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Religious liberty questions remain after court’s ruling

WASHINGTON (BP)—The U.S. Supreme Court left multiple questions regarding religious liberty unanswered but provided some hope in its landmark decision for gay and transgender rights, said advocates for the First Amendment freedom.

In a 6-3 opinion Monday, June 15, the high court ruled the category “sex” in Title VII of the 1964 Civil Rights Act encompasses “sexual orientation” and “gender identity,” thereby providing non-discrimination protections for homosexual and transgender employees. Religious liberty defenders said the justices’ decision left employers with biblical convictions on sexuality open to legal challenges.

Russell Moore, president of the Southern Baptist Ethics & Religious Liberty Commission (ERLC), predicted the decision “will have seismic implications for religious liberty, setting off potentially years of lawsuits and court struggles, about what this means, for example, for religious organizations with religious convictions about the meaning of sex and sexuality.”

Jonathan Whitehead, a Southern Baptist lawyer in the Kansas City, Mo., area, said Monday the high court’s redefinition of “sex” in workplace law “has indirectly triggered hundreds or thousands of lawsuits against religious groups. Before today, almost no church, ministry or college in America discriminated ‘based on sex.’ But after 10 a.m. today, the meaning of ‘sex’ in hundreds of laws was suddenly different.”

Whitehead, who wrote a friend-of-the-court brief for 24 state organizations of the Family Policy Council, added: “Everyone acknowledges that Congress did not intend this outcome in 1964. It will take years to unwind the implications for Southern Baptist churches, schools, employers and families.”

In the majority opinion, the justices acknowledged they were concerned about protecting free exercise of religion for employers but provided no assurances for those who act on their beliefs in hiring and firing.

Writing for the court, Associate Justice Neil Gorsuch noted Title VII has an exemption for religious organizations, and the justices have recognized religious institutions are protected in their relationships with ministers. He also expressed hope the Religious Freedom Restoration Act (RFRA)—a 1993 federal law he said “operates as a kind of super statute”—may “supersede Title VII’s commands in appropriate cases.”

But how such religious freedom doctrines relate to Title VII “are questions for future cases too,” Gorsuch wrote.

Writing in dissent, Associate Justice Samuel Alito said one of the potential harms in the court’s opinion would be to the freedom of religious organizations to make employment decisions based on the fidelity in beliefs and practice of applicants and workers.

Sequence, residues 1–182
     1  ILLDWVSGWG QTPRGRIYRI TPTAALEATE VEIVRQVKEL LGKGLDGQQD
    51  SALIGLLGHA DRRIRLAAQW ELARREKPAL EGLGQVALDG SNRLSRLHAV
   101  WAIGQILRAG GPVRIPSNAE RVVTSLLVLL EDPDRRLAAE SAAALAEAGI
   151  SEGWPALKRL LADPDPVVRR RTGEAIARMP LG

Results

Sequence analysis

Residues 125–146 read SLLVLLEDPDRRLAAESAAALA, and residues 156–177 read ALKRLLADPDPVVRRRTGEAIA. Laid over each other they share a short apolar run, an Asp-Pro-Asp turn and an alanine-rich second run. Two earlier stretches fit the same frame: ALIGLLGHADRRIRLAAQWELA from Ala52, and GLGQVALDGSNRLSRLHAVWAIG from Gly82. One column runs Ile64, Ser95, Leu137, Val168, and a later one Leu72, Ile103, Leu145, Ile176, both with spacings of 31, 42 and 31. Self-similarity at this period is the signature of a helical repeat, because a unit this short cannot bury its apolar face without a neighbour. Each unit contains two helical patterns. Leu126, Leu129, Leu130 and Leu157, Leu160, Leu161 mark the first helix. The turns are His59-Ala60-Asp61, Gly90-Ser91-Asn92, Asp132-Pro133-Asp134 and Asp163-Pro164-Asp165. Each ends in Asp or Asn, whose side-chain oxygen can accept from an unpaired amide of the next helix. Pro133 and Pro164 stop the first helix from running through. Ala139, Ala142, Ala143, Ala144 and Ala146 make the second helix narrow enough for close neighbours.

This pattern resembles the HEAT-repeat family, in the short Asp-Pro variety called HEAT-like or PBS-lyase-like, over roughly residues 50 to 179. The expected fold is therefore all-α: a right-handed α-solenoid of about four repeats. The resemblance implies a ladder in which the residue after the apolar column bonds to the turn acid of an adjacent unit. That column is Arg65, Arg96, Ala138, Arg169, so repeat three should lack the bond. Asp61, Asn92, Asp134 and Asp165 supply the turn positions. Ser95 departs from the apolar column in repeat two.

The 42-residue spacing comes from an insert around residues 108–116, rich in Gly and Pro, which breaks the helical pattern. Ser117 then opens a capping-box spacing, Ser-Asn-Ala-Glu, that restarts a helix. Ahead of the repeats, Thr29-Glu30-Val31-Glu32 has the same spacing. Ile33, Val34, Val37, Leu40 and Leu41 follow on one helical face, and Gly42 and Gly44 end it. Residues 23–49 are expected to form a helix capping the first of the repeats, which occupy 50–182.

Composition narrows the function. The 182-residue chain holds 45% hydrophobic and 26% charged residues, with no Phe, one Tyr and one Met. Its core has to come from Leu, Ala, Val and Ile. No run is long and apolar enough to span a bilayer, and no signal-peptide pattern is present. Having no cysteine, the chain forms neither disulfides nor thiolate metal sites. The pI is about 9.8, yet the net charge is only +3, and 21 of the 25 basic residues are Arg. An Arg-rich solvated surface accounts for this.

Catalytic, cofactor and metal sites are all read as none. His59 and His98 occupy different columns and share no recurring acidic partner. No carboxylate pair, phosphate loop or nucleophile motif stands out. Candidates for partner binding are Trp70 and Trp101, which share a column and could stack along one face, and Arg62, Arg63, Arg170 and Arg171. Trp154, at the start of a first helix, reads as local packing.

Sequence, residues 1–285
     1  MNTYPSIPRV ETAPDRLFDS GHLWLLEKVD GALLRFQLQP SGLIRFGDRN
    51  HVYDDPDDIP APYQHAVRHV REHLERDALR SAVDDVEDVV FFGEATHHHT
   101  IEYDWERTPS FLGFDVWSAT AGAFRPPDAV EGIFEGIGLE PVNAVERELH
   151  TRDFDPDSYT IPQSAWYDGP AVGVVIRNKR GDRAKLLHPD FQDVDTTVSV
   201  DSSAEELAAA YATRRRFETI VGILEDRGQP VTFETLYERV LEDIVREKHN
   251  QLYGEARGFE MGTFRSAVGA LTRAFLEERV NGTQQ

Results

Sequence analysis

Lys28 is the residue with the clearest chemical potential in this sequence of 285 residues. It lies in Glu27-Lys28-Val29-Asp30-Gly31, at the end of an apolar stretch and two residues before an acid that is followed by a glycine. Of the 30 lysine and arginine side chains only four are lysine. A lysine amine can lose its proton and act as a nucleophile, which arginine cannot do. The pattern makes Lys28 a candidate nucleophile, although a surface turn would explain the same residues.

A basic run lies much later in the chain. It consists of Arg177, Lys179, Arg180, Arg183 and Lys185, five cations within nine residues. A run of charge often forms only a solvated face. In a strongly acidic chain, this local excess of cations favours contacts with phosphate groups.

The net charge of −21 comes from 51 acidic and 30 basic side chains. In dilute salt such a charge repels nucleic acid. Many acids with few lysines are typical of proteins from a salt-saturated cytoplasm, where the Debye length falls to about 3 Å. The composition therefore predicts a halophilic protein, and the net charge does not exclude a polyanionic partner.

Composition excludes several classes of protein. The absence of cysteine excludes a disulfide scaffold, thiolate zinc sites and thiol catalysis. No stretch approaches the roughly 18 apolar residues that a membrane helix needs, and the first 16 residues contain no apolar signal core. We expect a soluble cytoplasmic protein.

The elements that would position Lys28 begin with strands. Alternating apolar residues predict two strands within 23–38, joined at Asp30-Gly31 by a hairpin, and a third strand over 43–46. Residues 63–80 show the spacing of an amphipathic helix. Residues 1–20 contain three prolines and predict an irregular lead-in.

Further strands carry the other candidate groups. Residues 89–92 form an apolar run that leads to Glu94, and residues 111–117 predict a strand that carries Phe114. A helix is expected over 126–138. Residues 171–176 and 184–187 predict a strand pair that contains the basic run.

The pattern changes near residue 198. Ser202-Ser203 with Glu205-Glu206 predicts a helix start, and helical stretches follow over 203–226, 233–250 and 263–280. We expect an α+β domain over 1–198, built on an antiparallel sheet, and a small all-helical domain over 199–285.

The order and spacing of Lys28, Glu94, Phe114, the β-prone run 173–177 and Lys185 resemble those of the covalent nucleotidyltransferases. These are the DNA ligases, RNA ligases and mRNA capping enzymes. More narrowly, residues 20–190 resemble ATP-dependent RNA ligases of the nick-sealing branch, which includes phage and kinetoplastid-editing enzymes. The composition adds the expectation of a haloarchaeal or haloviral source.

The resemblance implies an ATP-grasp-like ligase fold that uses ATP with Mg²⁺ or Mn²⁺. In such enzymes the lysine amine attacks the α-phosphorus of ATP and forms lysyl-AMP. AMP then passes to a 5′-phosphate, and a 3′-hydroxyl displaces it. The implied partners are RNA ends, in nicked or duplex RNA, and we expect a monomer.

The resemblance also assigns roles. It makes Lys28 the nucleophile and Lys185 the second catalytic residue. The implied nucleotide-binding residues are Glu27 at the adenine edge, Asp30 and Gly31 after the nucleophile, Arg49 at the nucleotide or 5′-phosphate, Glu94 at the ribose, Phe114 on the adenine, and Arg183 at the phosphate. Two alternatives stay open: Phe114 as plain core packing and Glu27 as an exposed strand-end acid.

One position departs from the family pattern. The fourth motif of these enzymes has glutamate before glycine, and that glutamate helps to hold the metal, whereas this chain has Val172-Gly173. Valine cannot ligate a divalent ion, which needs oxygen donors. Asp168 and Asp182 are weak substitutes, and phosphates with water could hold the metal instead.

Alito wrote that the Supreme Court’s new position “will threaten freedom of religion, freedom of speech and personal privacy and safety. No one should think that the Court’s decision represents an unalloyed victory for individual liberty.”

Some religious freedom lawyers found hopeful signs in the justices’ opinion, however.

The majority’s comments on religious freedom “intentionally signal to the American people that religious rights are still going to be an important consideration in these things,” said John Bursch, vice president of appellate advocacy for Alliance Defending Freedom, in a telephone news conference.

Regarding transgender issues, the justices appear to understand “biology is not bigotry, and disagreement about what it means to be male and female is not discrimination,” he said.

Bursch added that Gorsuch seems to be indicating to those with strong religious beliefs about the meaning of male and female “that those views will be respected and heard at the U.S. Supreme Court and should be in other places as well.”

Kelly Shackelford, president of First Liberty Institute, expressed gratitude the court “was clear in the opinion that this federal statute does not overrule peoples’ religious freedoms. We will find out in the very near future whether this is a hollow promise or a truthful assurance that the religious liberty of all Americans will be protected.”

In an article on its website, the ERLC said the decision “raises more questions than it answers. The court was not clear on many issues that will stem from this ruling and the impact they will have not only on Christians, but others relying on religious freedom or conscience protections.”

The ERLC and other religious organizations signed onto friend-of-the-court briefs filed last year by the U.S. Conference of Catholic Bishops that contended “sex” in Title VII does not include either “sexual orientation” or “gender identity.”

Though “sex” was long interpreted to refer only to whether a person is biologically male or female, the Justice Department under President Obama determined it also included people who identify as gay or transgender. President Trump’s Justice Department has returned to the previous interpretation.

Articles explaining the decision and highlighting significant quotes in the majority and dissenting opinions are available on the ERLC website.

The Supreme Court’s opinion and dissents in three consolidated cases under the title Bostock v. Clayton County may be accessed at the High Court’s website.

Author: Tom Strode

Tom Strode serves as Washington correspondent for Baptist Press.

View more articles by Tom Strode.

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